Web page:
Eating Right For Long Rides

– By Ellen Karpay-Brody – president of Ellen Karpay Health, a fitness and nutrition consulting company in Sacramento, California.

Q: Recently I’ve been riding longer distances. I need some help with my nutrition during these rides. What do you recommend?

A: Nutrition is an integral part of your training that can either enhance or hinder your physical abilities to shine through. First, attend to your daily, overall nutrition. This in part, allows you to optimize energy for training and recovery. Some cyclists, while neglecting nutrition on most days of the week, unreasonably expect great training days and race performances because they have a race/event day nutrition plan. For most that is insufficient. If you are unclear about or have difficulty implementing how, what, and when to eat nutritiously consult a professional.

For now let’s focus on the day of your long ride. Think of your long training day(s) as a nutrition trial. Let’s say that your goal is to have energy continuously and for the duration of your ride. Here are a few pointers to help you get started. Keep some specific notes about what you did and how you felt. Finding what works best for you is a process but it won’t take long to develop your best “day of” nutritional plan.

Start your day with breakfast. Eating 2-3 hours prior to riding is often recommended but if that is impractical for you then eat a minimum of 1 hour prior. Consume a meal of complex carbohydrates (~60% of total calories) proteins (~15-25% of total calories), and fat (~15-25% of total calories, less than 10% saturated). If you must eat closer to the time of riding you may want to eat foods that are soft, more liquid in nature, and/or easy to digest. Try soft solid foods such as applesauce, low-fat yogurt, cottage cheese, brown rice, rolled oats, peanut butter & banana or jelly sandwich on whole wheat bread/toast.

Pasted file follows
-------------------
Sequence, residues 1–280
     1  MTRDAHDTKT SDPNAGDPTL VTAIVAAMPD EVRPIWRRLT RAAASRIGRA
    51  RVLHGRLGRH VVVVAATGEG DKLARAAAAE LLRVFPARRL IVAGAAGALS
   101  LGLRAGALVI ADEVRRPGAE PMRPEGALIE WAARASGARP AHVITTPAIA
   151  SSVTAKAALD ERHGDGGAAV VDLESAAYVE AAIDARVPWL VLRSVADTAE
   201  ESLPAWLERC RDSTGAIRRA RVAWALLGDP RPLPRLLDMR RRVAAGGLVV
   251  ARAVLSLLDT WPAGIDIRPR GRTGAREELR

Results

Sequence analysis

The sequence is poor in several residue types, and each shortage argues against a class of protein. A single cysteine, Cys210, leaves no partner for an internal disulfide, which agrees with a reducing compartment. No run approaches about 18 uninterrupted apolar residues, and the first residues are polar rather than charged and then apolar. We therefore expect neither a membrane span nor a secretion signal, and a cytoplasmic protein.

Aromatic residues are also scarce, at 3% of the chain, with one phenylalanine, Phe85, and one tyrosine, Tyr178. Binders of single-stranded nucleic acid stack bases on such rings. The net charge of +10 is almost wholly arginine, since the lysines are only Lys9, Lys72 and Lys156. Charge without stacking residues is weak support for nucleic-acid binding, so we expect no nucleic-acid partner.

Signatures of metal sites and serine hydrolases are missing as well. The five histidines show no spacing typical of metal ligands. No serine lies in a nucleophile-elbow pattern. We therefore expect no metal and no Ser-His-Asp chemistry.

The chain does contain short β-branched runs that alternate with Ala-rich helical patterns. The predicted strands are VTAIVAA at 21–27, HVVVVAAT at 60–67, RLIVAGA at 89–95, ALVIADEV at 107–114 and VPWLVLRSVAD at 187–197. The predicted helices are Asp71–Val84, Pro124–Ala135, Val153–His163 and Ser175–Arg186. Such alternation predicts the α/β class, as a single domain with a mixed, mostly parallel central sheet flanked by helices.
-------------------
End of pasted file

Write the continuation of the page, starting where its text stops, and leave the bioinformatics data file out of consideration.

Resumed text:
Determine training fuels that agree with you while you are riding. Some fuels that go down okay at rest may not agree with you while riding. Experiment in your training with gels, liquid carbohydrates, bars, and/or solid food. Educate yourself about the nutritional content and caloric value of your training fuel.

Estimate the number of calories needed for the duration of your ride. Calorie requirements can vary according to individual metabolism, gender, body size, training history, and atmospheric conditions. Make a plan for ingesting these “agreeable” calories on a regular basis.

Next, adopt a regular, timely interval at which you will consume this fuel. An effective tip is to set the repeat countdown timer on your sportwatch so it beeps every interval period when you want to consume fuel. When you hear “beep” it is a reminder, “hey, it’s time for my fuel.” If you’ve had a pre-ride meal you can usually wait approximately 30-60 minutes after your ride started before you begin fueling. As is true in hydration, it is important to stay ahead and not get behind with keeping your energy level. If you plan to race follow the fuel plan that worked for you in training.

Soon after your ride is finished consume liquids, food and/or fuel. This enables your body’s energy stores to re-build quickly which will quicken your recovery.

copyright 2002 Ellen Karpay Health

Ellen is President of Ellen Karpay Health, a fitness and food consulting company located in Sacramento, California.  She is the author of “The Everything Total Fitness Book – A complete program to help you look and feel great”.   A regular contributor to the Sacramento Bee newspaper, Ellen is certified by the American College of Sports Medicine (ACSM) as a Health Fitness Instructor and holds a B. S. degree in physical education from the University of Florida.  She is an 8-time Ironman triathlon finisher (swim 2.4 mi, bike 112 mi, run 26.2 mi) 3-time Boston Marathon finisher, and is passionate about helping others optimize their energy and health. 

Ellen is also the official nutritionist for AthletiCamps. Find out more at

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